frost and dehydrated. It was 8:30... sh#t! But the lights were on,
people were inside, the store was open!!!! Yes! I dropped my sled
harness in a snow bank and went inside - having wonderful food
(pastries, cocoa, soup, gatorade) and feeling warmth. I dried my
clothes in a dryer and thawed my water. In a little over 12 hours I
had drank about 50oz, the rest was frozen up inside of my reservoir.
My plan was to drink 100oz every 4.5 hours but got knocked off my
plan and then felt the need to hurry to the store. Bad fluster! By
not putting warm water in my res every 4.5 hours I allowed the entire
system to freeze up! I sat and debated, talked with another racer who
had 2" blisters on his heels and after two hours geared up and headed
outside. I immediately started shivering, which I knew was a bad
sign. It would be 15 or more hours before the next checkpoint (the
only official one) and I would be out all night and morning, already
chilled. So I decided to stop.
One of the racers is still in the hospital with toes blistered black.
He was out all night, lost, disoriented and finally stumbling into
the store late the next morning. His fingers were cracked and he had
lost a tooth trying to open his water bottle. He will most likely
lose some toes. The race organizer caught his toes just in time, as
his feet were purple when he reached the checkpoint. He will be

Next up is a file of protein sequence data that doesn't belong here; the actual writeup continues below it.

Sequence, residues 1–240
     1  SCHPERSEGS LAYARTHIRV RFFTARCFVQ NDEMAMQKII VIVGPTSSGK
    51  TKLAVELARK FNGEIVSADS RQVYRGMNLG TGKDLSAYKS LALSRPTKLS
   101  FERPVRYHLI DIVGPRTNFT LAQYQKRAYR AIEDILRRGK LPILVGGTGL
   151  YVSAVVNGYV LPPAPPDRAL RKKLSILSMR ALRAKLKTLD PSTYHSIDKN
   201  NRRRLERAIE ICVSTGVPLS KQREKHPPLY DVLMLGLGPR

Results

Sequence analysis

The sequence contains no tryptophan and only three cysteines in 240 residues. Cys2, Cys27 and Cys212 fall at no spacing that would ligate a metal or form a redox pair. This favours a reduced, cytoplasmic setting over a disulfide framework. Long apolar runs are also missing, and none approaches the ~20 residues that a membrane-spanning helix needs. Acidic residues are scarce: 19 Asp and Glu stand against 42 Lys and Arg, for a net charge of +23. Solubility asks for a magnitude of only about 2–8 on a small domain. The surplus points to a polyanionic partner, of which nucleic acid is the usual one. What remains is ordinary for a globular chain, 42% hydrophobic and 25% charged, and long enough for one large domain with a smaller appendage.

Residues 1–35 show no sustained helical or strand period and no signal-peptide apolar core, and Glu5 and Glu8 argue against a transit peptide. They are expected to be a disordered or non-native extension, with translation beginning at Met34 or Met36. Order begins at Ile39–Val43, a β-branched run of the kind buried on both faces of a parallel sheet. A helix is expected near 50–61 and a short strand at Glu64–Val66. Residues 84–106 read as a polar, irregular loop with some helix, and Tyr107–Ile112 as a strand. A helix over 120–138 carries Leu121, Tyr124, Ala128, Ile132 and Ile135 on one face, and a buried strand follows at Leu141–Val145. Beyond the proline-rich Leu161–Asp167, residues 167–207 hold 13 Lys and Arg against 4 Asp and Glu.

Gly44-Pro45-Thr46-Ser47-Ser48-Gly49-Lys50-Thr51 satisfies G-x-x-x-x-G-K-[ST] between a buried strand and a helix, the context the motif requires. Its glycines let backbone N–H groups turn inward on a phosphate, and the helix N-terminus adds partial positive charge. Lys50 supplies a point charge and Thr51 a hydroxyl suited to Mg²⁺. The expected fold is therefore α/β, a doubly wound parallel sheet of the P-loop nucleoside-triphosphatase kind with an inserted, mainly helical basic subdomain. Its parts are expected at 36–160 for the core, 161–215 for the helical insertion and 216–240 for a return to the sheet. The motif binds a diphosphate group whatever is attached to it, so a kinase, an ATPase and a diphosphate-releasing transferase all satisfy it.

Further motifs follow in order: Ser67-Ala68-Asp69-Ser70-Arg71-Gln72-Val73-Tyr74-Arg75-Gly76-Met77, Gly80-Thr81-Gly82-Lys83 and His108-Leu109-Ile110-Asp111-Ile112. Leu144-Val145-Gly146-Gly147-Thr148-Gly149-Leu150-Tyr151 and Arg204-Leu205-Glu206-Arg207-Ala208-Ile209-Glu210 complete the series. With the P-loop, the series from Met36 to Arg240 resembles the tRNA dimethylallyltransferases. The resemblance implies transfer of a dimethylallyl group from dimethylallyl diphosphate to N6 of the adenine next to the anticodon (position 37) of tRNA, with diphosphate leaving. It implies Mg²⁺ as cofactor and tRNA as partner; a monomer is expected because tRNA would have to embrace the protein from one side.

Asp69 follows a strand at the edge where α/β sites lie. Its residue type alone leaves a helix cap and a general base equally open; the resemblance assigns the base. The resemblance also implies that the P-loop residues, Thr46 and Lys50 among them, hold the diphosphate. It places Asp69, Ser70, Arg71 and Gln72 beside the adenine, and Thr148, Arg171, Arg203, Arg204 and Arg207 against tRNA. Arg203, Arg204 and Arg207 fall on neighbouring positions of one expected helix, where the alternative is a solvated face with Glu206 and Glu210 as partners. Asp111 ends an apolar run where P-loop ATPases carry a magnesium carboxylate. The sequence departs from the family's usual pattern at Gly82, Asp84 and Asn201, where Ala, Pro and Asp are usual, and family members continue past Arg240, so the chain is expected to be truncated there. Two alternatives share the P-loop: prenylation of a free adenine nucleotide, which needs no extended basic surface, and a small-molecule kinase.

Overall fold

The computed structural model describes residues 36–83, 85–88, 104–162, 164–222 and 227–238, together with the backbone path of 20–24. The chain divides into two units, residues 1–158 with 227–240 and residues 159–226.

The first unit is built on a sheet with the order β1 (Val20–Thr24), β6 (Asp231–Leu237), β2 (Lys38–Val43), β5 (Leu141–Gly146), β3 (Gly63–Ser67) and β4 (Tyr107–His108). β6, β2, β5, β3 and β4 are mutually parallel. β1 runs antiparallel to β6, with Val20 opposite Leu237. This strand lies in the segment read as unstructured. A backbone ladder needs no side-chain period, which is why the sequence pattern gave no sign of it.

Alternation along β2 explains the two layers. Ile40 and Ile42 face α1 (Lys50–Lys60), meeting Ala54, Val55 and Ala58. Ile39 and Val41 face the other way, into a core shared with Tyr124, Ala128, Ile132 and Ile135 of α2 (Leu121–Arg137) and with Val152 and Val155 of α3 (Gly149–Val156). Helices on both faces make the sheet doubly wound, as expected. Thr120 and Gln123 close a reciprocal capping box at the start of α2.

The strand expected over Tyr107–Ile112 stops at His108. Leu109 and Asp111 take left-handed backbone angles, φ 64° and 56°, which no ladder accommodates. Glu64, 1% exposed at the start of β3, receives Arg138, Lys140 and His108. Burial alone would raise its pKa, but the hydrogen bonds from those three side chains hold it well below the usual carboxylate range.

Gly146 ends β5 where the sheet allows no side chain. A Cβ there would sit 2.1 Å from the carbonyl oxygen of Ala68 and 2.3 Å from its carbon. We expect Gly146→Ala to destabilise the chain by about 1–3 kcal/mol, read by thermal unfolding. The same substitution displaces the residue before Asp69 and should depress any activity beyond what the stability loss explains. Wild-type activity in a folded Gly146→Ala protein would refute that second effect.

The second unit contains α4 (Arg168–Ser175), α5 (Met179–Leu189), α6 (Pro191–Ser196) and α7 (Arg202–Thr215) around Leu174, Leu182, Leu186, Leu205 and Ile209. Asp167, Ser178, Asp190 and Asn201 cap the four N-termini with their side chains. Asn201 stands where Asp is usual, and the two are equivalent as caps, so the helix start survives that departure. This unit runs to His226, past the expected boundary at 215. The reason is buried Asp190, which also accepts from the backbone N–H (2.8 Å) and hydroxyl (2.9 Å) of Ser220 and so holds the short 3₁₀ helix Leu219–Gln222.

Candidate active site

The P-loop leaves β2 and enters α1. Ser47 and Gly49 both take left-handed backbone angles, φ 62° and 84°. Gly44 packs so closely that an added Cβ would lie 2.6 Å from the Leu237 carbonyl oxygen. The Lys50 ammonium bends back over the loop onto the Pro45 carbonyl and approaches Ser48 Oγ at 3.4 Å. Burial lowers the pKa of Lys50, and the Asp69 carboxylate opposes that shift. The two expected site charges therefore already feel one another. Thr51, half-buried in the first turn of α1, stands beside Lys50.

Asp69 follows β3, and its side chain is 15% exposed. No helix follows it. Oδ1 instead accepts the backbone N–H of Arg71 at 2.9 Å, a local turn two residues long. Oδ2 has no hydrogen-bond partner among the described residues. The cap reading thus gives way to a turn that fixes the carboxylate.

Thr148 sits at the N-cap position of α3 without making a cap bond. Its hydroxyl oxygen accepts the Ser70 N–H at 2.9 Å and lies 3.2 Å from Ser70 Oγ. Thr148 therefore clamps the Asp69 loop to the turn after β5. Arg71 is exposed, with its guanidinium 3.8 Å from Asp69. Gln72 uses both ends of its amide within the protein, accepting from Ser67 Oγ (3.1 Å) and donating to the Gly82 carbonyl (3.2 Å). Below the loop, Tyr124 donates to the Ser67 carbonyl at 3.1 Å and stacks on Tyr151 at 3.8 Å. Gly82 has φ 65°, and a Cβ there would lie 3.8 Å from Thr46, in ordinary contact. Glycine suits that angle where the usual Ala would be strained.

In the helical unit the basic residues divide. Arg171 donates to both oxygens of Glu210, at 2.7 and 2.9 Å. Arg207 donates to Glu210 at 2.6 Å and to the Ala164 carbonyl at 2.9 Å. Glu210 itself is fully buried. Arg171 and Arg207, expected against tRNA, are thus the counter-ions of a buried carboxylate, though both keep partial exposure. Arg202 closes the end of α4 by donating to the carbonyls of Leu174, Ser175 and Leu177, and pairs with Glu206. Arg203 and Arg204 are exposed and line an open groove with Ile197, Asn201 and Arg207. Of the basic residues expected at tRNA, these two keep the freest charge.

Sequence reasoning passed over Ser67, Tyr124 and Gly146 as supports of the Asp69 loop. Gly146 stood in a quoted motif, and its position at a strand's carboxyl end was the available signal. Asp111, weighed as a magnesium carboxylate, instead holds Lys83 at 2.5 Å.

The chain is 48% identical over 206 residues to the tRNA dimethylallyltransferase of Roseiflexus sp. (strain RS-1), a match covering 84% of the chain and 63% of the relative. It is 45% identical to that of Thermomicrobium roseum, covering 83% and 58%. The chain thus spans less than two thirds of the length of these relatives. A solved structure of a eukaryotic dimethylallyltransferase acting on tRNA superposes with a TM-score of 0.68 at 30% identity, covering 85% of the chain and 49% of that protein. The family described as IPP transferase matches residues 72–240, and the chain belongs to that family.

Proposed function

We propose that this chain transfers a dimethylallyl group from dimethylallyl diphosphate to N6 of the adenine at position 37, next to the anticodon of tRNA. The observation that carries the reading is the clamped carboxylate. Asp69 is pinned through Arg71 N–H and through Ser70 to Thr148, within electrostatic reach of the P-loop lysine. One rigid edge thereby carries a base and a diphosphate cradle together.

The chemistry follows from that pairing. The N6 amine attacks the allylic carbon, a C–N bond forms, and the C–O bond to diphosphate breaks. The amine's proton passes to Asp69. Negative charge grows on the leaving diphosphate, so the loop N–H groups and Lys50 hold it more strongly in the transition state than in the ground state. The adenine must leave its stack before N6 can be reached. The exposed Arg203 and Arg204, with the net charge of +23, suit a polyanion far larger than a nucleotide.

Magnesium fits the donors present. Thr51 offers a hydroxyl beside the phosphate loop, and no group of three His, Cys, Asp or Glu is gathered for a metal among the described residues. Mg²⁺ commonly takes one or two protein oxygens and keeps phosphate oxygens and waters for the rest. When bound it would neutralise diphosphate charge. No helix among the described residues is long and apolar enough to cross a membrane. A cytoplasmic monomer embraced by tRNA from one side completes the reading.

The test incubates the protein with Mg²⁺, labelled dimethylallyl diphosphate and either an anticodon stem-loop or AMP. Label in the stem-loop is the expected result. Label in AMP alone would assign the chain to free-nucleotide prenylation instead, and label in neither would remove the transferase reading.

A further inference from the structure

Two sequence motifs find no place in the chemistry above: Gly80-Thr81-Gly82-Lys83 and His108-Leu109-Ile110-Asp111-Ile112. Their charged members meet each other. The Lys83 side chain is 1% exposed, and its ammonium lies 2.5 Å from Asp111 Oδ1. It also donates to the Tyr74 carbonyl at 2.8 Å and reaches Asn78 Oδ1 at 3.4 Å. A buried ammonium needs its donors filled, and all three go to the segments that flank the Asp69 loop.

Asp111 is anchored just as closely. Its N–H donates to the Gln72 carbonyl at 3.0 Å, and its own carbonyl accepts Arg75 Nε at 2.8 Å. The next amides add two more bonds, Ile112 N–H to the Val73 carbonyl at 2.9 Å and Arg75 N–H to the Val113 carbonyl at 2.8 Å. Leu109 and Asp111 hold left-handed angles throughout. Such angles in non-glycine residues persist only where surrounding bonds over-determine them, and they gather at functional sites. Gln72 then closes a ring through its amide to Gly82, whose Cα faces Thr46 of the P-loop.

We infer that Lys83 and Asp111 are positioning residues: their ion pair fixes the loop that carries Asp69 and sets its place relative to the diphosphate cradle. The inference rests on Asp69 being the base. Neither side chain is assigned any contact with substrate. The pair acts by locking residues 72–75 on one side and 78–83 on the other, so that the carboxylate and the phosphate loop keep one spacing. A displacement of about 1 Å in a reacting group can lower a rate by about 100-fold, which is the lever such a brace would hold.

unable to run in the upcoming Iditarod Trail Invitational. I went out
to meet the only runner to complete the race, Sarah Lowell from North
Carolina. She was about 4 miles from the finish when I found her and
looked pretty good for being out for 54 hours in that cold. She told
me that she was not sure she would have continued from the
checkpoint, but her extra inspiration was that her race was raising
money for a student in her class with cancer - and much of the money
depended on her finishing. Wow.
Quite an experience. I was disappointed at first, not so much from
the DNF but more so since I was so easily thrown from my plans.
A few more notes...
1) In a race like Arrowhead, self-supported over 50-60 hours with
only one checkpoint, a strategy similar to that used by long-distance
mushers is preferred - where movement is based on regular cycles of
moving, feeding, resting. This cycle-based strategy can be contrasted
to a typical dash for a checkpoint, followed by a period of trying to
collect oneself for the next dash. (I wanted to do the former, and
believe it would have worked well, but got pulled into the dashing.)
2) Systems tested with success at one temperature may fail at a
slightly colder temperature, especially once temperatures slip below
zero. The change from 60 to 50 degrees is a 10 degree drop, but the
results of this drop are limited if even noticeable. The 10 degree
drop from -20 to -30 or -30 to -40 becomes much more noticeable.
3)Footwear used: Thin neoprene socks, Montrail Susitna GoreTex XCR
shoes with gaiters, Cresecent Moon overbooties glued to the toes of
the shoes. Overall, this system worked very well. My feet did not get
cold, even when stopped, although they did start to get pretty damp
in the neoprene socks which resulted in one small blister. This could
have gotten worse as the race went on. Also the overbooties stayed on
the shoes and did not reduce traction - although I do need to
reinforce the neoprene near the toes with some cordura for toughness.
In the future I may try a larger shoe with Injinji tsoks as a liner,
a vapor barrier sock over them and then a wool sock to complete the
system. I may even try some mukluks instead of running shoes.
4) My neck gaiter iced up over my face. I may try a thin neoprene
facemask with breathing cutouts (nose and mouth) and use a gaiter
over that for insulation.